When trying to find solutions for any problem, you also have to consider how to proceed with your trials or experiments. For example, if you want to distinguish between apparent causes and actual ones, randomized trials are the best route. In randomized trials, each experimental group is provided with a different solution. For example, in Kenya, a Dutch charity wanted to test the effectiveness of textbooks in test scores. They hypothesized that textbooks would improve test scores. So, they delivered textbooks to a random selection of schools. The results, however, showed that the textbooks did not affect test scores as they thought they would. The charity then tried a different treatment. They provided medication for the schoolchildren to treat and prevent intestinal worms. No one expected that worms would have an effect on learning and test scores, but what did occur was the treatment reducing the number of sick days the kids had to take. Thus, they were able to attend school more often and improved their test scores as a result.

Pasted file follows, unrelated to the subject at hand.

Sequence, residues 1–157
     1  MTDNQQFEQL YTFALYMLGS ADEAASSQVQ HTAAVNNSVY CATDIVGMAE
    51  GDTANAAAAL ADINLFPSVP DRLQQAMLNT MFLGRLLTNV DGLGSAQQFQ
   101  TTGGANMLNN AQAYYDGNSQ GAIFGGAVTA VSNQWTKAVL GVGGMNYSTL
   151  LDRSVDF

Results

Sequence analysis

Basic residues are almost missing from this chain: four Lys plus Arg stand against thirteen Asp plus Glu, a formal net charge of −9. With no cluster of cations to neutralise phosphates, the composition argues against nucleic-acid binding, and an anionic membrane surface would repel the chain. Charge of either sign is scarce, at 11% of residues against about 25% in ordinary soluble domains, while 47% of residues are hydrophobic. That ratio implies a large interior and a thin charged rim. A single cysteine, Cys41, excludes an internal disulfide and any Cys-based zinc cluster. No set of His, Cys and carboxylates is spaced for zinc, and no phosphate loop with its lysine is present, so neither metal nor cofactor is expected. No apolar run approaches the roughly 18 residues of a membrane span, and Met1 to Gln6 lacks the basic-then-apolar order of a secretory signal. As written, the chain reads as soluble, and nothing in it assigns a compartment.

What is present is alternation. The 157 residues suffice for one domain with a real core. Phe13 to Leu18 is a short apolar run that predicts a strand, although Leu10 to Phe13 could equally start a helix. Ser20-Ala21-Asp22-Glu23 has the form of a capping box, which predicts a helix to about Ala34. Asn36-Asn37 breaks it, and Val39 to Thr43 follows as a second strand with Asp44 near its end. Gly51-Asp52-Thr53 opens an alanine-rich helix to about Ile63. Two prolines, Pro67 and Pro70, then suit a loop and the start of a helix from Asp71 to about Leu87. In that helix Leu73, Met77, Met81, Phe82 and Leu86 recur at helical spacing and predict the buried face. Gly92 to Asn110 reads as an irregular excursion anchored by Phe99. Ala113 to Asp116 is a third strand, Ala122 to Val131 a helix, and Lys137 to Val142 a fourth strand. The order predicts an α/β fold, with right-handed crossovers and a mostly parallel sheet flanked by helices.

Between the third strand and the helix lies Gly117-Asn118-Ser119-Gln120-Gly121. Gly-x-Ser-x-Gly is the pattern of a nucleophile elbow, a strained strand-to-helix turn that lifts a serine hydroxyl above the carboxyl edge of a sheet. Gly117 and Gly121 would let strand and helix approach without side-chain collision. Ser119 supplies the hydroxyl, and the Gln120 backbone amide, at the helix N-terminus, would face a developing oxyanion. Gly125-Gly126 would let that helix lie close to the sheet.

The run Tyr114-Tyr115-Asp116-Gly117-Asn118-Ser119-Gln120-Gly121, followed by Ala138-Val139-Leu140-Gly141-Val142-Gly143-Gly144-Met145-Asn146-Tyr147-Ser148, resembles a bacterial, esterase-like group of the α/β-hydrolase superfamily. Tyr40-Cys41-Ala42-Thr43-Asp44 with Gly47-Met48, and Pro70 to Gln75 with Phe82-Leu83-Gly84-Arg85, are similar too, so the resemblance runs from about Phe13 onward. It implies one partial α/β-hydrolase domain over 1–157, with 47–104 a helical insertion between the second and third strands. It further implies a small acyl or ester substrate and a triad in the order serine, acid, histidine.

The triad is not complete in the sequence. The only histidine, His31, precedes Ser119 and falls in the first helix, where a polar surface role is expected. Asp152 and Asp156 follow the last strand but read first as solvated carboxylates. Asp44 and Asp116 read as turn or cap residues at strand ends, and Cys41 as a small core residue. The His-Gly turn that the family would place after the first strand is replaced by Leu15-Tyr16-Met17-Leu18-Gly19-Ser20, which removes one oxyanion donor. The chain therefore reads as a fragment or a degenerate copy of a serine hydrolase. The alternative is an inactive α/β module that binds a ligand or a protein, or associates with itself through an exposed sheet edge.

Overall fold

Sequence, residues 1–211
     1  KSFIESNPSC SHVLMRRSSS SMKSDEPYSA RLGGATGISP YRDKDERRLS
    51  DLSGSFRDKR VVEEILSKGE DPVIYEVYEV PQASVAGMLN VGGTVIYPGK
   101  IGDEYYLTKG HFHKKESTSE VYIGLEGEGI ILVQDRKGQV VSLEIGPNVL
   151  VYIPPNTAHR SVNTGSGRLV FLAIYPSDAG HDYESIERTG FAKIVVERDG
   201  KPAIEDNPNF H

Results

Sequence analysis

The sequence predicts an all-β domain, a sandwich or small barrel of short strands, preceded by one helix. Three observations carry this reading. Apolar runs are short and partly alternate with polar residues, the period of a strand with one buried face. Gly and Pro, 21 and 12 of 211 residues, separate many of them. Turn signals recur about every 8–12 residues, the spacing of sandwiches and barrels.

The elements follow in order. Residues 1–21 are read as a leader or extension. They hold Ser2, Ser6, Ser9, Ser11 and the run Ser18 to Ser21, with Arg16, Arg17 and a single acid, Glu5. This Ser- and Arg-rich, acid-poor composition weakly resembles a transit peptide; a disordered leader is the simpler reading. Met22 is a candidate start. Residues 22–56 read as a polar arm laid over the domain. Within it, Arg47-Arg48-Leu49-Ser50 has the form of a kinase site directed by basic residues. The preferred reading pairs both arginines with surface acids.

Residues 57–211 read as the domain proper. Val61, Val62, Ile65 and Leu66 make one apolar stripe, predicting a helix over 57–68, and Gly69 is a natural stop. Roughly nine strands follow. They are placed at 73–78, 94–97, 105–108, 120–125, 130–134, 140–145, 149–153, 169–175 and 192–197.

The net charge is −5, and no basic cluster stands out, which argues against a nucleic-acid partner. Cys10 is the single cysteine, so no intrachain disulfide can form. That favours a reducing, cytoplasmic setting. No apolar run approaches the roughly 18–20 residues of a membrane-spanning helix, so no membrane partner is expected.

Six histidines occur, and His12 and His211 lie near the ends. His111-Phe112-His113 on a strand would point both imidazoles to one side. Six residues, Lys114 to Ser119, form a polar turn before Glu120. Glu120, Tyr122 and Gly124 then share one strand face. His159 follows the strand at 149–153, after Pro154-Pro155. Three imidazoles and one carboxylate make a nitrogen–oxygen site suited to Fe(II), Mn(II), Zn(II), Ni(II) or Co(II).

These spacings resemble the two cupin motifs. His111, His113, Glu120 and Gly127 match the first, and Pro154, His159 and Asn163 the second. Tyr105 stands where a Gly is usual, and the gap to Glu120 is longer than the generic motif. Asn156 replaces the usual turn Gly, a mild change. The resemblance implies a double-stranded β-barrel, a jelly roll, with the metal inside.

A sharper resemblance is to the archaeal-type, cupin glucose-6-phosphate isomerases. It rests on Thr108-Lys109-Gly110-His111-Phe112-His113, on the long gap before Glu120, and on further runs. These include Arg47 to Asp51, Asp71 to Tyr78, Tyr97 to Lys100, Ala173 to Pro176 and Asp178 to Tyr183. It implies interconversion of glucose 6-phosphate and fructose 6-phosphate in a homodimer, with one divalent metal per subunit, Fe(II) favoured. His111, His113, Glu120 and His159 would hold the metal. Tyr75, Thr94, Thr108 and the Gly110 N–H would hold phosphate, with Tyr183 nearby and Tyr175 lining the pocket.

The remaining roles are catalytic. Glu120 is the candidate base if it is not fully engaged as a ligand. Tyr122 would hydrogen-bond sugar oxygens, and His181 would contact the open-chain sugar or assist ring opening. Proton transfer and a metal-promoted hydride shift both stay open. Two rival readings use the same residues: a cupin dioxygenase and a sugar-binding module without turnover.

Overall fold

Not all problems can be solved with randomized trials though. However, there are other ways to give you valuable information about a problem’s causes. These difficult problems with seemingly multiple causes are referred to as fundamentally unidentified questions or FUQs. With these, it is hard to identify single causes. They can also sometimes only be measured after it has caused the problem. A good example would be the part that carbon dioxide emissions play in climate change or measuring corruption. The latter was shown in an interesting experiment conducted in India amongst learner drivers. The learner drivers were given two options, they could either get their lesson subsidized or get a cash prize if they passed their driver’s test. After their initial driver’s test, they were surprised with a second test by the researchers conducting the experiment. The results showed that those who received the cash prize were more likely to pass their first test but less likely to pass the second. The reason why though was surprising. Those who chose the cash prize had bribed the examiners of their first test. This type of experiment works as an identification strategy in order to identify what caused the complex problem.